ActiveMQ + Ruby Stomp Client: How to process elements one by one
30 Oct2008

Few months ago I’ve switched one of our internal projects from doing synchronous database saves of analytics data to an asynchronous processing using starling + a pool of workers. This was the day when I really understood the power of specialized queue servers. I was using database (mostly, MySQL) for this kind of tasks for years and sometimes (especially under a highly concurrent load) it worked not so fast… Few times I worked with some queue servers, but those were either some small tasks or I didn’t have a time to really get the idea, that specialized queue servers were created just to do these tasks quickly and efficiently.

All this time (few months now) I was using starling noticed really bad thing in how it works: if workers die (really die, or lock on something for a long time, or just start lagging) and queue start growing, the thing could kill your server and you won’t be able to do something about it – it just eats all your memory and this is it. Since then I’ve started looking for a better solution for our queuing, the technology was too cool to give up. I’ve tried 5 or 6 different popular solutions and all of them sucked… They ALL had the same problem – if your queue grows, this is your problem and not queue broker’s :-/ The last solution I’ve tested was ActiveMQ and either I wasn’t able to push it to its limits or it is really so cool, but looks like it does not have this memory problem. So, we’ve started using it recently.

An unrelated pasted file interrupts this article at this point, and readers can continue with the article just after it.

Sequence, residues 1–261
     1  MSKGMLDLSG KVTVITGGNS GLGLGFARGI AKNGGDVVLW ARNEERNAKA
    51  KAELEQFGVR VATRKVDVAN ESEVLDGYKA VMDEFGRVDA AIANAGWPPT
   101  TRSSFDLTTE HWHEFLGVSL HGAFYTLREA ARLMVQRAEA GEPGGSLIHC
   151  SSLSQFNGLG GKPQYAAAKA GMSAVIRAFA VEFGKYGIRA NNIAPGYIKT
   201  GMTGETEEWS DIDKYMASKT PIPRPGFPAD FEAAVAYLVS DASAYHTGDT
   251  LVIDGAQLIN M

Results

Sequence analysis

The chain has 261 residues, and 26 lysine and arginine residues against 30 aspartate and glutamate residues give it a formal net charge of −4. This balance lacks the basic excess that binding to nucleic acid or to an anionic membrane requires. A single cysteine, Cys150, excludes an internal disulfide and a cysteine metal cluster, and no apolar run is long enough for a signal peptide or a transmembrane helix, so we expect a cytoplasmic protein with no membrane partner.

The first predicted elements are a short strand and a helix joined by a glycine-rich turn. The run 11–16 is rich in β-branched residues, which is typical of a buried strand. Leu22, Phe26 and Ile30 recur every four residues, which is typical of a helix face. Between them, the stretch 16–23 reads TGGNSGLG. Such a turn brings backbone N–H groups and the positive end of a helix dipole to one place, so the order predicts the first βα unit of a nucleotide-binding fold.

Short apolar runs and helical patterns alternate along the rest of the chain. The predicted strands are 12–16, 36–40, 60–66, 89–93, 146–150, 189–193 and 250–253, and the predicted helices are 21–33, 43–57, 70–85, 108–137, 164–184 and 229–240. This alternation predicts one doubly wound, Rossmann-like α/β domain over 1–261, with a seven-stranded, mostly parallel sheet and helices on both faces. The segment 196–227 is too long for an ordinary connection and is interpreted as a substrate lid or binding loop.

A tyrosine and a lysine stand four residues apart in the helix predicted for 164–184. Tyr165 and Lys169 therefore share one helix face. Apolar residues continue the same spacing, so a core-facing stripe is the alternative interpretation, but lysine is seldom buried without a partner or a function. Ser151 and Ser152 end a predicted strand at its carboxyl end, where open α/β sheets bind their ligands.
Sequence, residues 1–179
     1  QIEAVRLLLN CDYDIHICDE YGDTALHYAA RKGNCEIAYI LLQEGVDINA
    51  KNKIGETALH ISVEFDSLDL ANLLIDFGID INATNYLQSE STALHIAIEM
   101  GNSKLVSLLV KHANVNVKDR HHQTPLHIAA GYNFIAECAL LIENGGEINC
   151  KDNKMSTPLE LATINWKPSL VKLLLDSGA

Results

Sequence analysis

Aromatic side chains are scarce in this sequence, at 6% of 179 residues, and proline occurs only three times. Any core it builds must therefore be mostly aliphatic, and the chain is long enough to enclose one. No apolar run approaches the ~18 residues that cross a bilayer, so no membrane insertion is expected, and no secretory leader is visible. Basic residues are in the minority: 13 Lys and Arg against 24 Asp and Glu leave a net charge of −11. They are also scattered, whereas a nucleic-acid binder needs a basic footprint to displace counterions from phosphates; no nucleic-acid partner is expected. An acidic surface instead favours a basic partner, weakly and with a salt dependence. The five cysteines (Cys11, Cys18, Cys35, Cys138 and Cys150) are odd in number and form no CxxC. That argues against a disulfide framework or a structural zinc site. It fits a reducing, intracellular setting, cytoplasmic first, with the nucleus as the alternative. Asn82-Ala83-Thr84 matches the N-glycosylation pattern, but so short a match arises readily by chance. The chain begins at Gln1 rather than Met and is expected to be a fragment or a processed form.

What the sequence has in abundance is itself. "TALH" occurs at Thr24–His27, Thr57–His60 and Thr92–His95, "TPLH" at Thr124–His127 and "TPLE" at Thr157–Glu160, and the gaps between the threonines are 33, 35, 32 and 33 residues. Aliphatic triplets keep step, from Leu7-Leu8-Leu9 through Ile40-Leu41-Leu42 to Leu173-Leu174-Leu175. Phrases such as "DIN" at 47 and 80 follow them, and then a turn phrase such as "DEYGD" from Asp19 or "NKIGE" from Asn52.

In this small post I’d like to describe a few things that took me pretty long to figure out in ruby Stomp client: how to make queues persistent (really!) and how to process elements one by one with clients’ acknowledgments.
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Advanced Squid Caching for Rails Applications: Preface
25 Oct2008

Since the day one when I joined Scribd, I was thinking about the fact that 90+% of our traffic is going to the document view pages, which is a single action in our documents controller. I was wondering how could we improve this action responsiveness and make our users happier.

Few times I was creating a git branches and hacking this action trying to implement some sort of page-level caching to make things faster. But all the time results weren’t as good as I’d like them to be. So, branches were sitting there and waiting for a better idea.
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